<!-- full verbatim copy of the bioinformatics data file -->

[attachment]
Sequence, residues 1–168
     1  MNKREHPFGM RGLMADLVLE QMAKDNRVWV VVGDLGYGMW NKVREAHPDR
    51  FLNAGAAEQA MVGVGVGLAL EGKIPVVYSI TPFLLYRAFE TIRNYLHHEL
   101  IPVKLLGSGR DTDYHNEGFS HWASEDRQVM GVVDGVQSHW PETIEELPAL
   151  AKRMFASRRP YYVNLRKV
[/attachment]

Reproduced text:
Sequence, residues 1–168
     1  MNKREHPFGM RGLMADLVLE QMAKDNRVWV VVGDLGYGMW NKVREAHPDR
    51  FLNAGAAEQA MVGVGVGLAL EGKIPVVYSI TPFLLYRAFE TIRNYLHHEL
   101  IPVKLLGSGR DTDYHNEGFS HWASEDRQVM GVVDGVQSHW PETIEELPAL
   151  AKRMFASRRP YYVNLRKV